Browse our analysis section for news and articles on topics such as China's Belt and Road Initiative (OBOR), the Competing Visions of Japan, India, and other regional powers, and the stakes for U.S. policy.
The sheer scale and complexity of many infrastructure projects guarantee that disputes will arise. That’s why China is not only pushing projects overseas under its Belt and Road Initiative but increasingly, it is also writing new rules that advance its interests. The implications for the rules-based order—and U.S. interests—could be profound.
Executives from the ADB and AIIB converged on The Future of Asia conference in Tokyo to discuss how their banks complement, rather than compete with one another.
Asia’s powers have embarked on an epochal infrastructure competition that is connecting the region internally and with the world. It is essential that we remain vigilant to ensure health infrastructure investment keeps pace with new connectivity.
Chinese investments in Central and Eastern Europe are raising concerns about transparency and accountability, but for now, the risks are relatively manageable given the modest scope of investment.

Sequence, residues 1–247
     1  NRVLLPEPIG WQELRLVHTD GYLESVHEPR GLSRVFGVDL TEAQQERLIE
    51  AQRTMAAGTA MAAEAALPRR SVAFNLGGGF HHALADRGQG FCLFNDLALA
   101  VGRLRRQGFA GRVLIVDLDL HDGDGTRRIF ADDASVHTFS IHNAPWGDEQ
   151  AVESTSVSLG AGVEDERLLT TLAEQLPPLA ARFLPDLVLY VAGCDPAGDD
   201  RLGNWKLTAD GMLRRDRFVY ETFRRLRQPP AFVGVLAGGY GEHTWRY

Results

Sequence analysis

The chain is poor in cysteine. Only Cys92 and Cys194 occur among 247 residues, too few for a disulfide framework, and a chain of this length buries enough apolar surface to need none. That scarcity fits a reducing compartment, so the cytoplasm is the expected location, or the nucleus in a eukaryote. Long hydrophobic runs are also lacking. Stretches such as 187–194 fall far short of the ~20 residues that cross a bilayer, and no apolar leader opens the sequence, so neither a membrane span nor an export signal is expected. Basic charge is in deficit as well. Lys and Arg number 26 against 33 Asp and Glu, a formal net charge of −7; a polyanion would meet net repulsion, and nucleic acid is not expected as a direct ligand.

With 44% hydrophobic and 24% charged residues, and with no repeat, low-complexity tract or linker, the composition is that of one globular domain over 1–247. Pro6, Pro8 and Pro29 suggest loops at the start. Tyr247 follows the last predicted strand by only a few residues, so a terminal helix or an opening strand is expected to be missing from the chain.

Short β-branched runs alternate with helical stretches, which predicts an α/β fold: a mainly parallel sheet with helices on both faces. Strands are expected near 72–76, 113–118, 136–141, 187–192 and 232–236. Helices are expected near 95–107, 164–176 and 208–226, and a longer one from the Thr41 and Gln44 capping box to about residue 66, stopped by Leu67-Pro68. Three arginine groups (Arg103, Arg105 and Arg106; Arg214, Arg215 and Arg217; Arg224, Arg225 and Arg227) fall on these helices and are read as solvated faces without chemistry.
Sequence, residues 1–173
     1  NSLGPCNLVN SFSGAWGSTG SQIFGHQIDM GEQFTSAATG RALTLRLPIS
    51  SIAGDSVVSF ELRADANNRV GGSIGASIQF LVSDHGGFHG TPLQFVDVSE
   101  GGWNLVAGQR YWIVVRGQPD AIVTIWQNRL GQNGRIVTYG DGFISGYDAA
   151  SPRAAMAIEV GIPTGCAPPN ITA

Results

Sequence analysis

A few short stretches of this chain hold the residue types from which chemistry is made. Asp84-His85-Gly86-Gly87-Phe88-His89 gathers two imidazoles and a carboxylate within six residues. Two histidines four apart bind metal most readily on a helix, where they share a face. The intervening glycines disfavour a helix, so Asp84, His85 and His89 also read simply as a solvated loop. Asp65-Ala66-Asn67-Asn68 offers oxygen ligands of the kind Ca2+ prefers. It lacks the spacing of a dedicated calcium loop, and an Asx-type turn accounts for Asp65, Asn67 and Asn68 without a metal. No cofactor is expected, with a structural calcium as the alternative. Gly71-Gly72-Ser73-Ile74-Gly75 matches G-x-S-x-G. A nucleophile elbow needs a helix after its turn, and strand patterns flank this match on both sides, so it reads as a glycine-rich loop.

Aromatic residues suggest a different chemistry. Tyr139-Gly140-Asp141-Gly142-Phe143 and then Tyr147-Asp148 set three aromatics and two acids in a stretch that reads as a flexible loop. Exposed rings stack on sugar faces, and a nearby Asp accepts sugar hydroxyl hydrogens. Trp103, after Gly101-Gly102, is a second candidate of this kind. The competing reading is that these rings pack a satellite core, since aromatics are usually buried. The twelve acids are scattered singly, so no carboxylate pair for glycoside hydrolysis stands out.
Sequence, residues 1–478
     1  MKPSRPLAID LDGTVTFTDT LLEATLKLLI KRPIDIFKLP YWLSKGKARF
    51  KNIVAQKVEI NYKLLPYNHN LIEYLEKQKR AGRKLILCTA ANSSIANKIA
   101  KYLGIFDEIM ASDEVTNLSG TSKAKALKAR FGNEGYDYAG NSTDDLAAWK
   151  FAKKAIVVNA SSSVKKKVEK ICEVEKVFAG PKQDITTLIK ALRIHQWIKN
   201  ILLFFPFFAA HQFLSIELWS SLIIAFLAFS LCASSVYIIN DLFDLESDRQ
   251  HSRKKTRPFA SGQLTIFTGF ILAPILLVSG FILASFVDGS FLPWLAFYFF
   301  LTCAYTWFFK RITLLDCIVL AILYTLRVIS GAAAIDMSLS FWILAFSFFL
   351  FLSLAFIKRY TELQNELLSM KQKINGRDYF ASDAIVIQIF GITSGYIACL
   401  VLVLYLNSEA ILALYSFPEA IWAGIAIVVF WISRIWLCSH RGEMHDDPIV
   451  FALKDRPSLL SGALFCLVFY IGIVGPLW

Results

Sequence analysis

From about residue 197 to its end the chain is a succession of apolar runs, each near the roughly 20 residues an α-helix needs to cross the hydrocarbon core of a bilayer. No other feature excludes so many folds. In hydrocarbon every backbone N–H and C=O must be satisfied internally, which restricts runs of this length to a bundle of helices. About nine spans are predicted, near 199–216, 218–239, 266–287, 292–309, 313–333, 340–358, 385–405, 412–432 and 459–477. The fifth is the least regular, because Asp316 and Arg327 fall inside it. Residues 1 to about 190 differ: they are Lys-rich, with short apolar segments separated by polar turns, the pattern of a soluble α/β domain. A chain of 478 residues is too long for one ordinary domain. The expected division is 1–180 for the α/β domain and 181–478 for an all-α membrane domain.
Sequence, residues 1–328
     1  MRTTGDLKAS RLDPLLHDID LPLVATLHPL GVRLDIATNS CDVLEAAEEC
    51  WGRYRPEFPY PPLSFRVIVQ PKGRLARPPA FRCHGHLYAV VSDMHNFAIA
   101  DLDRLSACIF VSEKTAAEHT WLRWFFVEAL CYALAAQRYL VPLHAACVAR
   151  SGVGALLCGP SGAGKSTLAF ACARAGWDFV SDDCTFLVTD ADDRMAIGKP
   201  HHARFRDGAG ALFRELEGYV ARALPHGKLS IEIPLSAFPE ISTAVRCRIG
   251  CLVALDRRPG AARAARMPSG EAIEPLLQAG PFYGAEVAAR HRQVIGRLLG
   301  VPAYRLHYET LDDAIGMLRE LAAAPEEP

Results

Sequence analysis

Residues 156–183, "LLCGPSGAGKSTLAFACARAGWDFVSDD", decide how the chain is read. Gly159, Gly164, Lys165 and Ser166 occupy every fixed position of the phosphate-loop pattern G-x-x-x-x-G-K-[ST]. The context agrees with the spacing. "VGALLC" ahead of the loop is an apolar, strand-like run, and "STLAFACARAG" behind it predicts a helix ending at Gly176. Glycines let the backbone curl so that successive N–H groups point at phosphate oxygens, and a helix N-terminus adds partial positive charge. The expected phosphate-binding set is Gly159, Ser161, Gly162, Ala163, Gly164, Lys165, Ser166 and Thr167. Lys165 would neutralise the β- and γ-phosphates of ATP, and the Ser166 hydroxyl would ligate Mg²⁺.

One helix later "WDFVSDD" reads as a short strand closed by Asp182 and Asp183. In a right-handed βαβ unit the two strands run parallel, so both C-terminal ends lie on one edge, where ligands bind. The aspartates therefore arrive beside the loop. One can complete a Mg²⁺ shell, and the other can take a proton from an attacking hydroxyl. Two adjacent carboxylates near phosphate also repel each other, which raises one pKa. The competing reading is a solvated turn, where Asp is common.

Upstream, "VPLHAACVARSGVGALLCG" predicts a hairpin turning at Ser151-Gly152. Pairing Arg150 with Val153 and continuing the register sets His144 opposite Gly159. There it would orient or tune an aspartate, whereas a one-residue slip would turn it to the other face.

The magnitude of the Balkan Silk Road project poses a mixture of opportunities and policy challenges for countries engaging in or seeking to benefit from its implementation.
This report highlights essays from our Big Question series - an analysis collection that explore the drivers and implications of the massive infrastructure push taking place across the Eurasian continent.
It is time to expand transparent, high-standard regional lending mechanisms – tools that will actually help nations instead of saddle them with mounting debt.
In it's 50th year, the Association of Southeast Asian Nations remains a key driver of growth in the region, lowering trade barriers and improving soft infrastructure to facilitate trade.
There are six areas where the United States can directly influence the soft infrastructure in the reconnecting Asia footprint. All of these must be done in coordination with our bilateral and multilateral partners.
This report discusses the estimated $1 trillion annual global infrastructure gap and provides recommendations on how U.S. agencies and multilateral development banks can better incentivize private-sector investment in global infrastructure.
While Ashgabat has promoted the development of physical infrastructure wihtin Central Asia, the challenges of insufficient soft infrastructure, intraregional conflicts, and an uncertain, potentially unstable regional security environment all loom large.